Cornfed72, CC 3.0
Source: Cornfed72, CC 3.0

Here is the latest of my short-short stories that are composites of real-life events with psychological or practical implications.

Gerald’s mother sowed the seeds of her son’s inflated self-confidence. “Gerald, you’re so smart.” “Gerald, you draw so well.” “Gerald, you’re so handsome.” When a friend  of hers asked, “How are you?” Her typical answer might be, “Fine. You should see my Gerald’s latest drawing!”

For a long time, other adults reinforced Gerald’s high self-esteem. He got mainly A’s (grade-inflated.) He suppressed thoughts about the B’s and the tactfully offered “areas for growth.” After school, Gerald took art lessons but his first art tutor was tough on his work so Gerald’s mother replaced him with a tutor whose philosophy was “three praises for every suggestion.”

Gerald wouldn’t take in the less laudatory messages the world was sending him. For example, his classmates were polite to him but he got Valentine’s Day cards mainly from the kids whose parents said, “Give a valentine to every child in your class.” Teachers paid little attention to Gerald. When he submitted his artwork to even minor local student art contests, he usually got “honorable mention” or no response. He always managed to not let the world’s indifference or negativity to him penetrate.

When Gerald applied to three art colleges and all admitted him with a “scholarship”—a one-year/no-renewal-guaranteed few thousand dollars off the $40,000 sticker price—he interpreted the admissions and "scholarship" as validation he could become a professional artist. He never realized that feedback is more credible when based not on people you’re paying (like teachers) but on people who’d be paying you: customers, art galleries, etc.

Indeed, in art college, Gerald's instructors bestowed much more praise than criticism, and buoyed by that, he stayed the five years it took to finish his BFA. Now with $100,000 in student loans to pay back plus interest, he tried to sell his art, sending his online portfolio to galleries and having a booth at art fairs—Juried ones usually rejected him. Living back with his parents motivated him to “lower myself’ to apply for graphic design jobs. But the best he could get was some project work, which didn’t pay enough and consistently enough to afford his own apartment in the San Francisco Bay Area. So he drove a limo and worked at an art supply store near his art college, selling expensive paraphernalia to other students who dreamed of becoming professional artists, not of being deeply indebted, permanent “entry-level” workers.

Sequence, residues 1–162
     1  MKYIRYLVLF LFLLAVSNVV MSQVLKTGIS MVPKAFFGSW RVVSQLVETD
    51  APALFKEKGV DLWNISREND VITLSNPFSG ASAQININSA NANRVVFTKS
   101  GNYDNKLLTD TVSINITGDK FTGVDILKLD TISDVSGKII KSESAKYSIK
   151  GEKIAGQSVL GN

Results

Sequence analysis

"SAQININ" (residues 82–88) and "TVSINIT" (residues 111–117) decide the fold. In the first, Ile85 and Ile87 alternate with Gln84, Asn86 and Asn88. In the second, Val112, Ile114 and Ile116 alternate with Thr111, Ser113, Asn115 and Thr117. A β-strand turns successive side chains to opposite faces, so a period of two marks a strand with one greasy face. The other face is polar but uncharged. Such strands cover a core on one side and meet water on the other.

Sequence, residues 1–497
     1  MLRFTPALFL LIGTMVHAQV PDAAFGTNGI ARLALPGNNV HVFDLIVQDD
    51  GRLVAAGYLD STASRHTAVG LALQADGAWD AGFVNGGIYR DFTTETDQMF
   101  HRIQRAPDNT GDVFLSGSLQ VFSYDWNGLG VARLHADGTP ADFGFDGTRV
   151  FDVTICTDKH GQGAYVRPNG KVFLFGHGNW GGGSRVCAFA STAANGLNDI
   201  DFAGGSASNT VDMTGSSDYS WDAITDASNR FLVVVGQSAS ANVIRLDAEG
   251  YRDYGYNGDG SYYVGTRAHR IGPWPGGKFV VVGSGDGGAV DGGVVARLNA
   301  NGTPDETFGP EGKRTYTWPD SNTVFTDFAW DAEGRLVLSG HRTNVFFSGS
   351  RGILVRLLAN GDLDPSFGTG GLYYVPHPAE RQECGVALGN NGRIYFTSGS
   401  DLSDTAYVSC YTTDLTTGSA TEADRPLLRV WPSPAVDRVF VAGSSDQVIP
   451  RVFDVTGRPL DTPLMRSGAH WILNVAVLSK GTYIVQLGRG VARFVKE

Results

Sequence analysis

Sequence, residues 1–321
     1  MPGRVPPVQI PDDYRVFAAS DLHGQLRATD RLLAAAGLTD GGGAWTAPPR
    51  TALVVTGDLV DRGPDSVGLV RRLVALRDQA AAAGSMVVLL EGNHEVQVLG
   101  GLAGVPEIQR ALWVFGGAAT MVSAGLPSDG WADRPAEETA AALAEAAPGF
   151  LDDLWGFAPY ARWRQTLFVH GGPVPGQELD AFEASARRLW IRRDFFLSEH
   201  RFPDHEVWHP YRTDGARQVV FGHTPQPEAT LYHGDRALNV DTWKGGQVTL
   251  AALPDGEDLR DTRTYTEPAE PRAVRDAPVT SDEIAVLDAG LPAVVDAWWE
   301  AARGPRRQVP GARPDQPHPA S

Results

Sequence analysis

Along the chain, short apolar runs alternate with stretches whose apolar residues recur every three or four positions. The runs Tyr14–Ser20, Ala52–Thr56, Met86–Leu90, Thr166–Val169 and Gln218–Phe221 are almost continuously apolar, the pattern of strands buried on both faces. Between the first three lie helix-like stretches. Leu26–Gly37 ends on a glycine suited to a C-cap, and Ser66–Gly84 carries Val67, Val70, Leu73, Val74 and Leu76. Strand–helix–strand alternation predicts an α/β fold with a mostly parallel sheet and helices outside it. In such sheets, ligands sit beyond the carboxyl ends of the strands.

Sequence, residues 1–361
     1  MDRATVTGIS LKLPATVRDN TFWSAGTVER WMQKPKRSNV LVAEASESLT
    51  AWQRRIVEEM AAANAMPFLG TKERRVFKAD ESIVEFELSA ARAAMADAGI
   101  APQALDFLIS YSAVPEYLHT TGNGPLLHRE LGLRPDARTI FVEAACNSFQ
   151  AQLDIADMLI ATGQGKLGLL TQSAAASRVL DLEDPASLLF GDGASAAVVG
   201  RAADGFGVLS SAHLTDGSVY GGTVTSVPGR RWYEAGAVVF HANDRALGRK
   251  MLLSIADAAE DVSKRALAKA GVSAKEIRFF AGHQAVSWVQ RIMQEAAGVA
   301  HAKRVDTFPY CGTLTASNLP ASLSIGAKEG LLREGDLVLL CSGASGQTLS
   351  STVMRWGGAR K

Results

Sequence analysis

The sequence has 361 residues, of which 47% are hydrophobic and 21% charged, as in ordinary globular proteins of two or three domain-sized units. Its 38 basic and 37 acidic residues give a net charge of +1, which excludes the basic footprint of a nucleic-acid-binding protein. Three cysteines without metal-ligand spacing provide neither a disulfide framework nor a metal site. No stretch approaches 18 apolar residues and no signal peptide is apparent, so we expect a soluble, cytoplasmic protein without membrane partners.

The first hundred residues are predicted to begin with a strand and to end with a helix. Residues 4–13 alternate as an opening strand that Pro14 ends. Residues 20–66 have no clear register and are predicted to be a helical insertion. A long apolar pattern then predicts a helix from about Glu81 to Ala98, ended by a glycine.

Gerald’s romantic endeavors were equally lackluster. He dated but the most desirable relationships never lasted. His longest one was with Brandy who “has lots of issues.” For a long time, he believed he deserved better but finally returned to Brandy and married her.

At age 40,  Gerald still believed "I'm exceptional" as-is. Then he read a high school graduation speech by preeminent biographer, David McCullough. Here are the key excerpts:

None of you is special. You’re not special. You're not exceptional.

Contrary to what your soccer trophy suggests, your glowing 7th grade report card, despite every assurance of that nice Mister Rogers and your batty Aunt Sylvia, you’re nothing special.

Yes, you’ve been pampered, cosseted, doted upon, helmeted, bubble-wrapped. Yes, capable adults with other things to do have held you, kissed you, fed you, wiped your mouth, wiped your bottom, trained you, taught you, tutored you, coached you, listened to you, counseled you, encouraged you, consoled you, and encouraged you again. You have been nudged, cajoled, wheedled, and implored. You’ve been feted and fawned over and called "sweetie pie." Yes, you have. And certainly, we’ve been to your games, your plays, your recitals, your science fairs...

And now you’ve conquered high school; and, indisputably, here we all have gathered for you. But do not get the idea you’re anything special -- because you’re not. Across the country, no fewer than 3.2 million seniors are graduating about now from more than 37,000 high schools. That’s 37,000 valedictorians; that’s 37,000 class presidents, 92,000 harmonizing altos, 340,000 swaggering jocks, 2,185,967 pairs of Uggs.

"But Dave," you cry, "Walt Whitman tells me, I’m my own version of perfect." "Epictetus tells me I have the spark of Zeus." And I don’t disagree. So that makes 6.8 billion examples of perfection, 6.8 billion sparks of Zeus…

The fulfilling life, the distinctive life, the relevant life, is an achievement, not something that will fall into your lap because you’re a nice person or mommy ordered it from the caterer.

Gerald’s eyes welled up but then turned to his easel.

Is your self-esteem accurate? Is it helpful to have high self-esteem?

HERE is a video of me reading aloud this short-short story.

 Dr. Nemko’s nine books, including his just-published Modern Fables: short-short stories with life lessons, are available. You can reach career and personal coach Marty Nemko at mnemko@comcast.net

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